LOUISVILLE, Ky. (WHAS11) -- A new lifesaving tool for kids with food allergies could soon be stocked in schools.
President Obama signed a bipartisan bill on Wednesday, Nov. 14, that offers a financial incentive to states if schools stockpile EpiPens, considered the first-line of treatment for people with severe allergies.
It's good news for parents who may or may not know if their children have a deadly allergy. For parents of kids with food allergies, news that schools could soon stockpile EpiPens provides peace of mind and it’s a welcome sign that their kids will be a lot safer.
"Sounds like a good precaution if you ask me," Marcus Vonkalben, a parent, said.
"My nephew has it, so it would be a good thing," Jennifer Rodriguez, parent, said.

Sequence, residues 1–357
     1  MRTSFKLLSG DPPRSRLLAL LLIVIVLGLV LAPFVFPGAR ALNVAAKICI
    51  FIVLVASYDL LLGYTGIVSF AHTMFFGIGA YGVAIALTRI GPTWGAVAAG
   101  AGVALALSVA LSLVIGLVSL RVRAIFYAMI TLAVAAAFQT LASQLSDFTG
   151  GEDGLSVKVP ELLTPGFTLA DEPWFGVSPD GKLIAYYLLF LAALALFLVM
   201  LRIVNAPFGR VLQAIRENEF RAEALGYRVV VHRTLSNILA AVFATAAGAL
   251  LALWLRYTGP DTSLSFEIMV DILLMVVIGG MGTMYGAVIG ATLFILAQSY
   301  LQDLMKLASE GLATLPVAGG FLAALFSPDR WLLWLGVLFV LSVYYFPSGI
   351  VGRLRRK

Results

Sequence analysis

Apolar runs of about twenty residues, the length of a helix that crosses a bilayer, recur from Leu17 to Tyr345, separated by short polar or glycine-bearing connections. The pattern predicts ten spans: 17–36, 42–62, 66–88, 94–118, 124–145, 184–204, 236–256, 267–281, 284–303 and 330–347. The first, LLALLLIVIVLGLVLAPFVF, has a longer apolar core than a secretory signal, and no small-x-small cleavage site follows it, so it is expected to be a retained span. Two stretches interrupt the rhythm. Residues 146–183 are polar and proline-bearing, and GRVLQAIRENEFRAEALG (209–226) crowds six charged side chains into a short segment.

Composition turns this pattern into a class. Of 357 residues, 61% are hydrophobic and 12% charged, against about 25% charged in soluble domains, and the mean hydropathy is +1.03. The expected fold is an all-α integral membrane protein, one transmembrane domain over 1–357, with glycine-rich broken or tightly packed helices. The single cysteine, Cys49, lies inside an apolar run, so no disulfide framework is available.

Even for parents of children that don't have a known allergy it's reassurance that there is life saving medication at their school if it’s needed.
"I definitely think they should have them on hand for emergencies because half the teachers don't know what kids have what allergies," Angie Allison, mother, said.
President Barack Obama's signed a bill on Wednesday that offers a financial incentive to states if schools stockpile Epinephrine, considered the first-line treatment for people with severe allergies.
Epinephrine can be used for severe allergic reactions to food as well as insect bites, latex and medication.
The Epinephrine stockpiling is aimed primarily at children who have previously undiagnosed allergies or as a backup for those with known allergies. And those numbers are only going up.
According to a new study, one in 20 kids has some kind of food allergy. It's increased more than 50 percent since the late 1990s.
The medication is administered by injection, through preloaded EpiPens or similar devices.
As long as they educate them on how to use it and when to use it, I think it's a good idea," Allison said.